6 2 6. The national development strategy of the Kyrgyz Republic emphasizes governance reform, in particular public sector reforms and anticorruption measures. Development and adoption of a nationwide e-procurement system is one of the key public sector management reform initiatives of the current government. In September 2012, the government approved the Public Procurement Development Strategy, , 6 which reflects government commitment to and ownership of the reform. 7. Implementation of a unified end-to-end system is included in the procurement strategy, wherein all government agencies will use a single software system to handle their procurement activities from planning to payment. The first functionality of the e-procurement system (epublication) has been implemented, using the government s internal resources and in-house expertise. The TA will build on the reform achievements and provide inputs to overcome the deficiency in goods and services required for implementing the fully functional e-procurement system. III. THE TECHNICAL ASSISTANCE 8. The TA will help the government develop and roll out the e-procurement system. The TA will support establishment of a management system, the making of rules, system analysis, building hardware and software platforms, building capacity of all stakeholders, phased testing and installation, and monitoring during the trial period. A. Impact and Outcome 9. The impact will be increased efficiency and trust in public sector spending. Transparency and efficiency gains created by a unified e-procurement platform will contribute to better governance in public sector management. The outcome will be improved transparency and efficiency of the public procurement system. Successful implementation of e-procurement will increase market confidence in the public procurement system. A 50% increase in the average number of bidders participating in public procurement is expected. A 30% reduction in procurement transaction costs and time taken by the procuring entities, and improved ability to generate real-time and analytical reports on procurement spending by the central government, are the real benefits of the efficiency of the public procurement system. B. Methodology and Key Activities 10. The TA will have three outputs: (i) a phased development and rollout of the e-procurement system by the Ministry of Finance (MOF) for procuring entities, (ii) enhanced technical skills of the MOF for development and implementation of the e-procurement system, and (iii) improved awareness and capacity of end users of the e-procurement system. 11. In achieving the outputs and outcome, two key risks are identified. First, the system design may not be fully effective in ensuring bidder participation across the country, as internet access is not yet comprehensive. Second, there may be delays and lags due to capacity problems in software maintenance and management, and government infrastructure for information technology (IT). Phased introduction of e-procurement, in-house capacity building activities, and the system sustainability model will mitigate these risks. 6 ADB assisted the government in developing the procurement strategy based on the recommendations of the country procurement status review.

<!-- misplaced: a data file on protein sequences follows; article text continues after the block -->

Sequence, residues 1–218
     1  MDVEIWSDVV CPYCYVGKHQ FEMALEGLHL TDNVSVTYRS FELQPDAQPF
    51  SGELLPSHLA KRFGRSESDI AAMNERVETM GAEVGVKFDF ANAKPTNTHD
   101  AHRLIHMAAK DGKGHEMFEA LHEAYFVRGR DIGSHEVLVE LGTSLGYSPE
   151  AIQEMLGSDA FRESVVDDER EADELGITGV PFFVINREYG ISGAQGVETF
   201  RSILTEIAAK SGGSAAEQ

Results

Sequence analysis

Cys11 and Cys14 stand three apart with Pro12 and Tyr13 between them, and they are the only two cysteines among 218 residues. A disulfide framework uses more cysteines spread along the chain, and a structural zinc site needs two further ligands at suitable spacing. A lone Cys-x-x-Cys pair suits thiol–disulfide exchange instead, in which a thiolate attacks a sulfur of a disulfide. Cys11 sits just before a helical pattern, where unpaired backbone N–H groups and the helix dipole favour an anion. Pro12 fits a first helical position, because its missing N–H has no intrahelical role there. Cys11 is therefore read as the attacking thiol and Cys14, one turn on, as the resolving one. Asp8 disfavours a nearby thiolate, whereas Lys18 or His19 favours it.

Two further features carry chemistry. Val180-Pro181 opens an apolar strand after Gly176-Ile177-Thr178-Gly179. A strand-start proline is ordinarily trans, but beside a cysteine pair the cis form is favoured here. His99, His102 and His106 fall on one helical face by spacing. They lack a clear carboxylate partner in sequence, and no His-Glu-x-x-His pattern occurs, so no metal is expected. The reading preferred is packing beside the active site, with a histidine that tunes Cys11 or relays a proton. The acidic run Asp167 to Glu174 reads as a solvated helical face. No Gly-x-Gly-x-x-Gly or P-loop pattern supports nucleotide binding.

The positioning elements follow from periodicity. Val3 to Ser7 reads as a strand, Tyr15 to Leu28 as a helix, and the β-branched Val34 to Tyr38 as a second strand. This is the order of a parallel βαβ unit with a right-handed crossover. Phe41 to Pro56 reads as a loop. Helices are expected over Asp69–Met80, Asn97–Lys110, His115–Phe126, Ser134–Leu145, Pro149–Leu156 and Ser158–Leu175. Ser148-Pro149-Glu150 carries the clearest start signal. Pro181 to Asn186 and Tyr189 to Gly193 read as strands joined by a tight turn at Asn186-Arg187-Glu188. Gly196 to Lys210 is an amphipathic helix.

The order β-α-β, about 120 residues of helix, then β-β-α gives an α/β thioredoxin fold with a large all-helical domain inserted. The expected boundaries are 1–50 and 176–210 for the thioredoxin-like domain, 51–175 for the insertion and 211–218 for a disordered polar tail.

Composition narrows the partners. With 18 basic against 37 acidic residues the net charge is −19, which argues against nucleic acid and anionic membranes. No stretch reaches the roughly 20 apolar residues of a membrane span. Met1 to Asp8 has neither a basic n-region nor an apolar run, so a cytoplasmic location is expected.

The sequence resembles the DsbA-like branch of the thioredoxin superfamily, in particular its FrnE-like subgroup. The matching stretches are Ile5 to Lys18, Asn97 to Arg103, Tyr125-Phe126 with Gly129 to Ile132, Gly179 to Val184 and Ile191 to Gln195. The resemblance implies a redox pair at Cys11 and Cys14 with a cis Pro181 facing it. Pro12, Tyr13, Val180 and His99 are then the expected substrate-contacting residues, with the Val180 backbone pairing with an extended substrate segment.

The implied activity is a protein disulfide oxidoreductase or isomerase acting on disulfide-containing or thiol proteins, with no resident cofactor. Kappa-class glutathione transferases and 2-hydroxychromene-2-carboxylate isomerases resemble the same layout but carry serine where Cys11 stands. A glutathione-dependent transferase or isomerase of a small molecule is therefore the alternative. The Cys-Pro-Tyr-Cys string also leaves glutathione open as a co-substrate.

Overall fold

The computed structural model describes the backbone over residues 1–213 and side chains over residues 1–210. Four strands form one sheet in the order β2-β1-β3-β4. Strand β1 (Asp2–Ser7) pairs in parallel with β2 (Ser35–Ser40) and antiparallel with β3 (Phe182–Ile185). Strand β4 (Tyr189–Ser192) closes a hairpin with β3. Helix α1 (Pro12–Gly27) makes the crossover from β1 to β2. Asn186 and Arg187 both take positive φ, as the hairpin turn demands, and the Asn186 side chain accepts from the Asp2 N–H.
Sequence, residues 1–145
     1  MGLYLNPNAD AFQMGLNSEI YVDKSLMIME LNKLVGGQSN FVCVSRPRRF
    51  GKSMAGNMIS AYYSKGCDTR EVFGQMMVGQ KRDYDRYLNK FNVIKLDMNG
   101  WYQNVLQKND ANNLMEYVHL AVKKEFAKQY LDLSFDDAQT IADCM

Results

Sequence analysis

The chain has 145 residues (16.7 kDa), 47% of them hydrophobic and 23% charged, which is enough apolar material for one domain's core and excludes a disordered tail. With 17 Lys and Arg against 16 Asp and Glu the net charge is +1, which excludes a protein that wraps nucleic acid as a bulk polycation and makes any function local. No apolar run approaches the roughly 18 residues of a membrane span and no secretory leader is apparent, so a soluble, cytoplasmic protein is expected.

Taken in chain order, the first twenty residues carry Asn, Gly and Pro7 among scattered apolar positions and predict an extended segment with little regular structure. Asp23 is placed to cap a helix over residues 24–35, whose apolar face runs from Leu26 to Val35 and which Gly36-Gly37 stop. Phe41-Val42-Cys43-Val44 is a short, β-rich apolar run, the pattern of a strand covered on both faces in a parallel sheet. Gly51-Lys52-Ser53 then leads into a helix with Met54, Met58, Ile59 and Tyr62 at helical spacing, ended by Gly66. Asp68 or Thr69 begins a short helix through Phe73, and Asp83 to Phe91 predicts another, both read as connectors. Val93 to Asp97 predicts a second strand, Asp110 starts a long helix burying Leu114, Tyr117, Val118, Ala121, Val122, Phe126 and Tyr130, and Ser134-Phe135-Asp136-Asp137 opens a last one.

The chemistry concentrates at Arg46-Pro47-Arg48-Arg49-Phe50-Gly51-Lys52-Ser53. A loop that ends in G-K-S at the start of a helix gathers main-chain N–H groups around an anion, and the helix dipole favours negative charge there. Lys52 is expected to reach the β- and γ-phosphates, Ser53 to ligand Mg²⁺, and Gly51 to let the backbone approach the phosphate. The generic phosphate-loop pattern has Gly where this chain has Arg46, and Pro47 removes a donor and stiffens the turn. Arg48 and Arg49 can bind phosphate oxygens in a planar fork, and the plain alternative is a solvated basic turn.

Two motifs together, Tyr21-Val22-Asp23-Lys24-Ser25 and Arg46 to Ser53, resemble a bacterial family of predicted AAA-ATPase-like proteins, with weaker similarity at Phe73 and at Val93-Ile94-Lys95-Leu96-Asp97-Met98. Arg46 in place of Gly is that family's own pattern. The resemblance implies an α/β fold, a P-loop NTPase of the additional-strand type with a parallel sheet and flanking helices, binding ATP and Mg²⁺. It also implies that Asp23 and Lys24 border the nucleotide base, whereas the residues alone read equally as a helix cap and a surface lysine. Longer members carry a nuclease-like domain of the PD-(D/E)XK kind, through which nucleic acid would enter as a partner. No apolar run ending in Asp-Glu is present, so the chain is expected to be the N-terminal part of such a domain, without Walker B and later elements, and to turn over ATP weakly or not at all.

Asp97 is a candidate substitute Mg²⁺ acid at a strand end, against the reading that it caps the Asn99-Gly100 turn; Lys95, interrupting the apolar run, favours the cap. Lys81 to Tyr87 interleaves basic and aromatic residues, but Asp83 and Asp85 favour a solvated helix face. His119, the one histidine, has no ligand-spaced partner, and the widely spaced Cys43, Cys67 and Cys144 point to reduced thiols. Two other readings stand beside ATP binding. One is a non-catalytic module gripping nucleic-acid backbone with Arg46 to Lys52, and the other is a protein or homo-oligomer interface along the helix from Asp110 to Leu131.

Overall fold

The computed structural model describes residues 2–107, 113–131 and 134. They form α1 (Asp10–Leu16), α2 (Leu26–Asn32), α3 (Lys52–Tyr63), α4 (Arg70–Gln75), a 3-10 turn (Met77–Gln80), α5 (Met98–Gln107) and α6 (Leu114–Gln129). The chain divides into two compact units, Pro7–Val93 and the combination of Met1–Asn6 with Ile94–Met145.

7 3 12. Phased implementation. Shifting from manual procurement to e-procurement denotes a major change that will require significant efforts. Under the TA, the unified end-to-end system will be implemented in phases according to the roll-out plan in the following dimensions: (i) Geography. The use of the e-procurement system will be expanded to new procuring entities. (ii) Functional components. The use of e-tendering, pre- and post-tendering, and e-shopping functionality will be gradually expanded. (iii) Time. Expansion in using the e-procurement system is planned for every 6 months. 13. According to the MOF analysis, 85 procuring entities published 1,880 unlimited tenders in In the roll-out plan, procuring entities are prioritized by the number of tenders published, and agencies with a higher number of tenders will be the first to use the system. The TA will fill the gap in hardware and internet access of the government end users, especially in oblasts (provinces). 14. Key functional components of the e-procurement system and estimated dates for their readiness are as follows: (i) e-publication: June 2012 (completed by the government); (ii) e- tendering and e-auction: December 2013; (iii) pre- and post-tendering workflows: June 2014; and (iv) e-shopping: December The full-fledged system will be rolled out to all procuring entities (more than 75 will use all functional components) within 3 years. 15. Government ownership and sustainability. It is assumed that the government remains committed to e-procurement implementation. A single e-procurement software system will be used as government shared infrastructure. The TA will (i) augment the government s ongoing initiative, where required, to empower the government in implementing the full-fledged e-procurement system; and (ii) strengthen government in-house capabilities to maintain the system. 16. Article 14 of the Public Procurement Law, 2004 refers to an authority on public procurement and defines its main functions. Government resolution confirms the MOF s role to act as the public procurement authority referred to in the law and establishes the Public Procurement Methodology and Analysis Department (PPMAD) under the MOF with a mandate to implement legal and institutional reforms. A dedicated project management unit (PMU) will be set up under the PPMAD to develop, introduce, and maintain the e-procurement system. 17. The TA will finance critical inputs required to develop the system and transition users from manual procurement to e-procurement. The handling of transactions using e-procurement will produce cost savings, which can be used for sustaining the TA outcome. The procurement strategy envisaged that the government will charge small fees for efficient handling of procurement transactions using the e-procurement system. These transaction fees could be used to sustain the e-procurement system, thus ensuring long-term viability of the reform. The government procedure on the use of e-procurement (to be approved in 2013) should specify the mechanism for ensuring the security and service quality of its operation. 18. Software development. Info-System, a state-owned enterprise under the MOF, is engaged to develop the preliminary e-procurement software. The government will commission Info-System to set up a dedicated software development unit (SDU) to develop the full-fledged end-to-end e-procurement software. The TA will finance additional open-source software and